B-G431 openloop high current draw

I’m not sure what the issue is but when I run the open loop velocity control example with a single line changed to use the 6 PWM drivers of the B-G431 rather than the default 3 PWM I get insane current draw and the motor doesn’t spin. This is before I have sent any commands. I’ve tried with a few different motors and I’m not sure what the cause is but it is consistent. I ran the example script to send specific voltages to the driver pins and those matched expectations. My code is below.

// Open loop motor control example
#include <SimpleFOC.h>

// BLDC motor & driver instance
// BLDCMotor motor = BLDCMotor(pole pair number);
BLDCMotor motor = BLDCMotor(8);
// BLDCDriver3PWM driver = BLDCDriver3PWM(pwmA, pwmB, pwmC, Enable(optional));
// BLDCDriver3PWM driver = BLDCDriver3PWM(9, 5, 6, 8);

// Stepper motor & driver instance
//StepperMotor motor = StepperMotor(50);
//StepperDriver4PWM driver = StepperDriver4PWM(9, 5, 10, 6,  8);

//target variable
float target_velocity = 0;

// instantiate the commander
Commander command = Commander(Serial);
void doTarget(char* cmd) { command.scalar(&target_velocity, cmd); }
void doLimit(char* cmd) { command.scalar(&motor.voltage_limit, cmd); }

void setup() {

  // driver config
  // power supply voltage [V]
  driver.voltage_power_supply = 12;
  // limit the maximal dc voltage the driver can set
  // as a protection measure for the low-resistance motors
  // this value is fixed on startup
  driver.voltage_limit = 6;
  // link the motor and the driver

  // limiting motor movements
  // limit the voltage to be set to the motor
  // start very low for high resistance motors
  // current = voltage / resistance, so try to be well under 1Amp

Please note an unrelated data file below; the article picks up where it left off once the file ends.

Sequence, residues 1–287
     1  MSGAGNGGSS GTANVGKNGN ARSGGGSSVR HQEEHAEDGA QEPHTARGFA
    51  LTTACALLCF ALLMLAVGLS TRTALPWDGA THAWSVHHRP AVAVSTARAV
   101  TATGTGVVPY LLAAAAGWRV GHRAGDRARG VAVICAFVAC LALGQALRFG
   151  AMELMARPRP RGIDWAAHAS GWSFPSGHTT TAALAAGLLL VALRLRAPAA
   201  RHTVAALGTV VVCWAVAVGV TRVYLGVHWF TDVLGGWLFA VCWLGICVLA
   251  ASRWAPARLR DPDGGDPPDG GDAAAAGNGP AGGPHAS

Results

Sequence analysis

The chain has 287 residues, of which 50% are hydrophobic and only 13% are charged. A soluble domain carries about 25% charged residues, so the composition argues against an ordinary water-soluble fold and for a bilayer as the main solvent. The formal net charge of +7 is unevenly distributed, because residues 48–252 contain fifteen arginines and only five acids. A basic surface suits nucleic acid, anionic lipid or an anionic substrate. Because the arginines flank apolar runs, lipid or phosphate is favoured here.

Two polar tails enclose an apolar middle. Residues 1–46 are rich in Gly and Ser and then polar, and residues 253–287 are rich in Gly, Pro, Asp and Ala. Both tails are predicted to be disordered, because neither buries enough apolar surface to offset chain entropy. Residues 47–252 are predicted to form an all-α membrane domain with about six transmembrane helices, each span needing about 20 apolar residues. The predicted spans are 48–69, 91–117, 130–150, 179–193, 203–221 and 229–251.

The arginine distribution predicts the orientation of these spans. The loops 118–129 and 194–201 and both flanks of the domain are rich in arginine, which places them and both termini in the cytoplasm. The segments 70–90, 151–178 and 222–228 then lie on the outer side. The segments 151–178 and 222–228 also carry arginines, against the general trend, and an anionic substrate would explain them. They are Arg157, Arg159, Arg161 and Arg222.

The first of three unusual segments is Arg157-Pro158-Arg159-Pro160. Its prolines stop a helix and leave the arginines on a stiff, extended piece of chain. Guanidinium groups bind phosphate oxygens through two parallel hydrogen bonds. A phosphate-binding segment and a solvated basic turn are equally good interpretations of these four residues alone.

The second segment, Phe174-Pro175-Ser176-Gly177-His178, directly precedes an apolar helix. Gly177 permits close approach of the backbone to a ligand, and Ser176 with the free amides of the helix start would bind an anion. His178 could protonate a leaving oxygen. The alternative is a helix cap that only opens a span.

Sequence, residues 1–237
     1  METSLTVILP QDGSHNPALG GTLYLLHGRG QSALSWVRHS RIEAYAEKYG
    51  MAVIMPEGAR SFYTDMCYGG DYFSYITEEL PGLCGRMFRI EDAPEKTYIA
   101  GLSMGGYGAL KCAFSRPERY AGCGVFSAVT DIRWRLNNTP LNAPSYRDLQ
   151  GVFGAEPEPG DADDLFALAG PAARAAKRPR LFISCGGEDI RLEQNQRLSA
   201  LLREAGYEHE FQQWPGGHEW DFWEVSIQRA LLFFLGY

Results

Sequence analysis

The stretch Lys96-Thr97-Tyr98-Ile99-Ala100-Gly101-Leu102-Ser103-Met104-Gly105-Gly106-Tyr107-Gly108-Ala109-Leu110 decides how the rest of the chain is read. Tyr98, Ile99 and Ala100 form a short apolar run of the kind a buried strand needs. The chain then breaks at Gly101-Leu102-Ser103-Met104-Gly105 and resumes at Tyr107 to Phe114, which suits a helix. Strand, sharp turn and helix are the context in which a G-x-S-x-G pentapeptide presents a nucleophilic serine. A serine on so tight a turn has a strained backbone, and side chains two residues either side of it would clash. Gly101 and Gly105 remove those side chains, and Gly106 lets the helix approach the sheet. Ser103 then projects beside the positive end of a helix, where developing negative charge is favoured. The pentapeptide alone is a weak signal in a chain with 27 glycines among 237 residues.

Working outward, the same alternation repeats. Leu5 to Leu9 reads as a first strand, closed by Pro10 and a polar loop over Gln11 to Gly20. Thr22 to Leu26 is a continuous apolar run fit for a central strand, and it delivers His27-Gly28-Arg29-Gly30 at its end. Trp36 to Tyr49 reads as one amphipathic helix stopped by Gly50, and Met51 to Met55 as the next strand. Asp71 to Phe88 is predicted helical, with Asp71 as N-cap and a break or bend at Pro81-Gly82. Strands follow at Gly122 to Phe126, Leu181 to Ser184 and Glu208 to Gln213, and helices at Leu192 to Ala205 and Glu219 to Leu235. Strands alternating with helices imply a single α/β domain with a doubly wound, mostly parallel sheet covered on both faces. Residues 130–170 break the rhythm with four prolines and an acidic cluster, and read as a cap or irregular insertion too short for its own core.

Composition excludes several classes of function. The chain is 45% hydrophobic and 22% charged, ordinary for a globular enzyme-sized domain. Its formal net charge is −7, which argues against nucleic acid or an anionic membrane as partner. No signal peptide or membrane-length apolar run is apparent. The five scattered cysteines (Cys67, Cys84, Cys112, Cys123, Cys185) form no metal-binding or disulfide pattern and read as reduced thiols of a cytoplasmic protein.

motor.voltage_limit = 3;   // [V]
  // open loop control config
  motor.controller = MotionControlType::velocity_openloop;

  // init motor hardware

  // add target command T
  command.add('T', doTarget, "target velocity");
  command.add('L', doLimit, "voltage limit");

  Serial.println("Motor ready!");
  Serial.println("Set target velocity [rad/s]");

void loop() {

  // open loop velocity movement
  // using motor.voltage_limit and motor.velocity_limit
  // to turn the motor "backwards", just set a negative target_velocity

  // user communication

Hey, @snibo13 , welcome to SimpleFOC!

Which motor are you using? Open loop by nature has very high current draw - whatever voltage you set as the limit, that’s what’s being used to run the commutation, as there is no feedback loop with which to regulate the voltage to the needed level. So if your motor is low resistance, and the motor voltage limit is set to ±3V then the resulting current draw can be very high.

So on the B-G431-ESC1 you should be careful not to exceed its electrical or thermal limits, its not a very forgiving board.

Set a much lower voltage limit for open loop, just enough to get the speed you want to achieve, and you should see the current consumption go down somewhat. But of course the real trick is to close the loop, and only use the required current for what you’re asking the motor to do. That will see the real improvement in terms of current consumption.

I’ve tried with a couple different motors. My project is going to be using a Neo 550 but I tested again with a small drone motor I have. If I lower the voltage the current draw drops which is perfect, but the motor still won’t spin.

Before: As soon as I ran the script the motor would draw maximum current on my power supply (Configured to about 3A) without any velocity being set.

Now: Current draw stays small, however, even with speed commands the motor doesn’t spin.

I have the power supply set to 5V, the driver limit set to 3V and the motor limit set to 1V. Nominally this is a 1550 kv motor (I’m debugging with a HobbyKing Donkey ST 2204 because I don’t want to risk my Neos). With the 1V limit I should be able to drive ~160 rad/s but it never moves and if I raise the power supply voltage (via the knob) at all it starts sinking the full 1 A

I’m guessing your 1500kv motor has roughly 0.2ohm phase resistance. It is therefore not beginner friendly.

A gimball motor (beginner friendly) is 10ohm.

On the first motor 1v would roughly put 5A through the coils compared to 0.1A for gimbal.

I’d set your power supply to 9v, it has to be greater than 8v or the gate driver won’t enable. But you’ll need to set low driver.voltage_limit e.g 1v and motor limit 0.5v. once you get it spinning you can cautiously raise voltage

1 Like

Worked like a charm, thanks for the help